Law and religion round-up – 11th March

IICSA begins hearings on the Church of England, Ireland clears the way for a referendum on abortion and the President of the Supreme Court tackles the vexed question of niqabs in court.

Lady Hale on religious dress

The Supreme Court website has posted the text of Lady Hale’s Sultan Azlan Shah Lecture, given at Oxford in January, on religious dress and, in particular, on the vexed issue of Muslim women wearing niqab veils in court. In a nutshell: Continue reading

The Bishop’s vote in Tynwald: Tynwald decides

In two earlier posts – linked below – Peter Edge, Professor of Law at Oxford Brookes, commented on the earlier debates in Tynwald on the position of the Bishop of Sodor and Man. In a cross-post from his own blog, he reports on the conclusion to the debate.

On 21 February 2018, Tynwald voted on the Third Report of the Select Committee on the Functioning of Tynwald. This report, which I have discussed previously, made three recommendations:

(1) that the Tynwald Management Committee should be responsible for overseeing the CPD Programme for Members of Tynwald;

(2) that the Lord Bishop of Sodor and Man should retain his vote in Tynwald, and have the same rights and duties as to voting as other members; and

(3) that the Isle of Man Government should establish an independent review to examine and report on emoluments of Members of Tynwald, having regard to a number of foundational principles.

This note focuses on the second recommendation. Continue reading

Law and religion round-up – 4th March

Coroners, IICSA, diversity, pews – and some of the more puzzling things that people do in church… 

Coronial jurisdiction and the “cab-rank rule”

As readers will recall, the decision of HM Coroner for Inner North London, Ms Mary Hassell, not to prioritise the release of a body for burial to meet the religious needs of the deceased or the deceased’s family, even when doing so would cause no material disadvantage to others, has been challenged by the Adath Yisroel Burial Society and a judicial review hearing is due to take place on 27 and 28 March before Singh LJ.

Joshua Rozenberg reports on the latest state of play in Legal Cheek [see the second part of his post]. Continue reading

The House of Commons debates freedom of religion or belief

On 1 March, the House of Commons held a debate in Westminster Hall on freedom of religion or belief (FORB), introduced by Jim Shannon (Strangford) (DUP), Chair of the All-party Parliamentary Group for International Freedom of Religion or Belief, which – he pointed out, “speaks on behalf of those with Christian belief, those with other beliefs and those with no belief”. The purpose of the debate was to highlight FORB issues that the Government might raise at the UN Human Rights Council.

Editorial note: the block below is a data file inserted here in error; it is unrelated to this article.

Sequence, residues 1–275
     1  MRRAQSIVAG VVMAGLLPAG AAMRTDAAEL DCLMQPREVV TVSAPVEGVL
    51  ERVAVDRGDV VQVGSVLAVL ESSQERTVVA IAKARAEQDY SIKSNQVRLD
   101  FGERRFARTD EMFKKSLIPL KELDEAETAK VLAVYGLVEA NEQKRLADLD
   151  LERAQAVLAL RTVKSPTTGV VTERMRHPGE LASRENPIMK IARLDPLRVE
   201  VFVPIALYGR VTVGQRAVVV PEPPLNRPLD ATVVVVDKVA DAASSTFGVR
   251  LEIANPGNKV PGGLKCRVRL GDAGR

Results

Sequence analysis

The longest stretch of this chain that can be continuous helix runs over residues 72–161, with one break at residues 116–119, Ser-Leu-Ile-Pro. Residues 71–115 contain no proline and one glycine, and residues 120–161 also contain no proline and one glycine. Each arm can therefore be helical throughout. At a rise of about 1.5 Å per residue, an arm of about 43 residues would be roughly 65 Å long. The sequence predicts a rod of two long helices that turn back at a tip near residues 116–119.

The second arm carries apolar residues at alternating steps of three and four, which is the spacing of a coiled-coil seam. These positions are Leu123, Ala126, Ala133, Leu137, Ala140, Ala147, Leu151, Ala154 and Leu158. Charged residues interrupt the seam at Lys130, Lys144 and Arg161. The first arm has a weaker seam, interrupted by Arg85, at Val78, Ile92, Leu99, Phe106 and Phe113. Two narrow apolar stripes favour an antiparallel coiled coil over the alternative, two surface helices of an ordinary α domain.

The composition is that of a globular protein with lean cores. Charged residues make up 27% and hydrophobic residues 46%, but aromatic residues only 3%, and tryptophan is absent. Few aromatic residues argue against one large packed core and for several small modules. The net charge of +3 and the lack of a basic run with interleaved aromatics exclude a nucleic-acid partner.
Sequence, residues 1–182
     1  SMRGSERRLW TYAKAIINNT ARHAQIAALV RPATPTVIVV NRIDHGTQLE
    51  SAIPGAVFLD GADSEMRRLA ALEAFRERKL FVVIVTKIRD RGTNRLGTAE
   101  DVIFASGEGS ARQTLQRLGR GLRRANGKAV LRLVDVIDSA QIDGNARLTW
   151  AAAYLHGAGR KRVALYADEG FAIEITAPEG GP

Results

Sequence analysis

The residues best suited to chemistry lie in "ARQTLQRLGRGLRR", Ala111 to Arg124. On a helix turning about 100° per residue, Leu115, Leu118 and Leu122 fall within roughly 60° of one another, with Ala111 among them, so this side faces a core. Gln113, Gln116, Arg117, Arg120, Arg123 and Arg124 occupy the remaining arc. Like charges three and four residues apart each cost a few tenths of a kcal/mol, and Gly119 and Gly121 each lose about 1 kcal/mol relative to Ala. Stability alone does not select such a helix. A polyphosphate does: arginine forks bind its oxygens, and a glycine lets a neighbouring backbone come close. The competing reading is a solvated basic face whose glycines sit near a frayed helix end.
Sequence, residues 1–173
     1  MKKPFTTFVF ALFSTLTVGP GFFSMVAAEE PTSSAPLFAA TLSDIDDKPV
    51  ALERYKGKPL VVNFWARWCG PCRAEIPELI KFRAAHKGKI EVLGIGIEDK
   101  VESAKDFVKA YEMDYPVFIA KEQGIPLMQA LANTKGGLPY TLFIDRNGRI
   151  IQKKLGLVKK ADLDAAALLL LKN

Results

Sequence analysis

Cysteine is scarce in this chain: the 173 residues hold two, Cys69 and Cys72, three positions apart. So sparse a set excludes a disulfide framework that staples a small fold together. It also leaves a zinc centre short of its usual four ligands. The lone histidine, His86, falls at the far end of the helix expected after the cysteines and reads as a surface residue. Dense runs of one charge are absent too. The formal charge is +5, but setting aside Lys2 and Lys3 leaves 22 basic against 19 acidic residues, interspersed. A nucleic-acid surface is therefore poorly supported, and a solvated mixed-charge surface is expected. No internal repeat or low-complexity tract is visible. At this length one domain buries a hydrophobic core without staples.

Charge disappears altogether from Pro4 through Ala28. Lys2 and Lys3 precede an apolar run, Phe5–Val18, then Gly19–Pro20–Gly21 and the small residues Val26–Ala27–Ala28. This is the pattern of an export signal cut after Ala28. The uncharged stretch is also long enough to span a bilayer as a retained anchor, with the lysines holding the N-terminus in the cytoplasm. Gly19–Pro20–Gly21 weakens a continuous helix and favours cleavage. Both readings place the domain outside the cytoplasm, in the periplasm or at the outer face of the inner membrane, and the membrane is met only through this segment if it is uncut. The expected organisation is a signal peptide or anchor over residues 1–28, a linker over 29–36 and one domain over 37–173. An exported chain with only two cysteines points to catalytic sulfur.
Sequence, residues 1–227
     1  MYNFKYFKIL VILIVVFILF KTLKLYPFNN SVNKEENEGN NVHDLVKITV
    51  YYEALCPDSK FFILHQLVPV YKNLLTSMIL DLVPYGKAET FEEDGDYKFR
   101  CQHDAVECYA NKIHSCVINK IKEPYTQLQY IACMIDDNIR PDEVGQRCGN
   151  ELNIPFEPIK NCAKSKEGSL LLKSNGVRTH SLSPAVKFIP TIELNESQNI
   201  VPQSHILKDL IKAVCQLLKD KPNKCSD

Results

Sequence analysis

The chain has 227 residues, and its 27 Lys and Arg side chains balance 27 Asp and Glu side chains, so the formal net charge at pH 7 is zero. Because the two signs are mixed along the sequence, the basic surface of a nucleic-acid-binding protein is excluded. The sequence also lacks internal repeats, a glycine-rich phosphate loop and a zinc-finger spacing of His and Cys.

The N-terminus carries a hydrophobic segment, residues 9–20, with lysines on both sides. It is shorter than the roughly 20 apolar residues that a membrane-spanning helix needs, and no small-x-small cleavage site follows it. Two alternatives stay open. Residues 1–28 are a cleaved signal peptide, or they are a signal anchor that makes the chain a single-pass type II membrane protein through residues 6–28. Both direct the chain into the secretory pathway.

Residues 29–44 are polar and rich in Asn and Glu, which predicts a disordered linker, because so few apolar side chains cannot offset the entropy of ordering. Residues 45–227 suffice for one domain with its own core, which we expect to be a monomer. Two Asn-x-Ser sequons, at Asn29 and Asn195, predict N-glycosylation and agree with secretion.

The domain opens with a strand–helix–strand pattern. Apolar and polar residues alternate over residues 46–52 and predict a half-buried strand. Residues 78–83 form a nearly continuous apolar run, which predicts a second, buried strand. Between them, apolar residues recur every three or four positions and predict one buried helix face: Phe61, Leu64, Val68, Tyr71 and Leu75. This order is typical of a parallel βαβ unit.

Shannon wished to raise issues such as the continued state-sponsored persecution of the Baha’is in Iran and forced conversion in Pakistan; however, issues of perceived religious discrimination in the United Kingdom were also raised – and the extracts from the debate in this brief summary concentrate on those.

Continue reading

Mental health and religious rights: Mockutė

In Mockutė v Lithuania [2018] ECHR 200, Ms Neringa Mockutė complained about breaches of her right to privacy and her right freely to exercise her religion during a period of involuntary hospitalisation.


In 2003 Ms Mockutė suffered a breakdown and was forcibly admitted to Vilnius Psychiatric Hospital, where she was diagnosed with acute psychosis and remained for 52 days. During this time a documentary was aired on national television which featured Ms Mockutė’s doctor, mother and sister, referred to the centre where she practised meditation of the Osho religious movement and discussed Ms Mockutė’s situation, referring to her by a pseudonym, “Violeta”. Continue reading

The state of the blog

On reaching one million page-views

On Sunday, we had our millionth page-view: rather sooner than we expected and a prospect that we could hardly have contemplated when we started this enterprise in June 2012 over a pint (or two) in the Maltsters at Llandaff during a break from the LLM (Canon Law) course. Almost 2,000 posts later, this one marks some of the highlights since the blog was first launched and in anticipation of its new (slightly) revised format, looks towards the future. Continue reading

Law and religion round-up – 25th February

Surrogacy, charity, matrimony, heraldry, privacy, hospitality …

Reforming the law on surrogacy

As we noted at the time, on 14 December the Law Commission for England & Wales announced that one of the subjects to be included in its Thirteenth Programme of Law Reform would be surrogacy. The Scottish Law Commission has also now announced – in almost identical terms – that it, too, will be looking at surrogacy as part of its Tenth Programme and will do so in a joint project with the Law Commission for England and Wales. Continue reading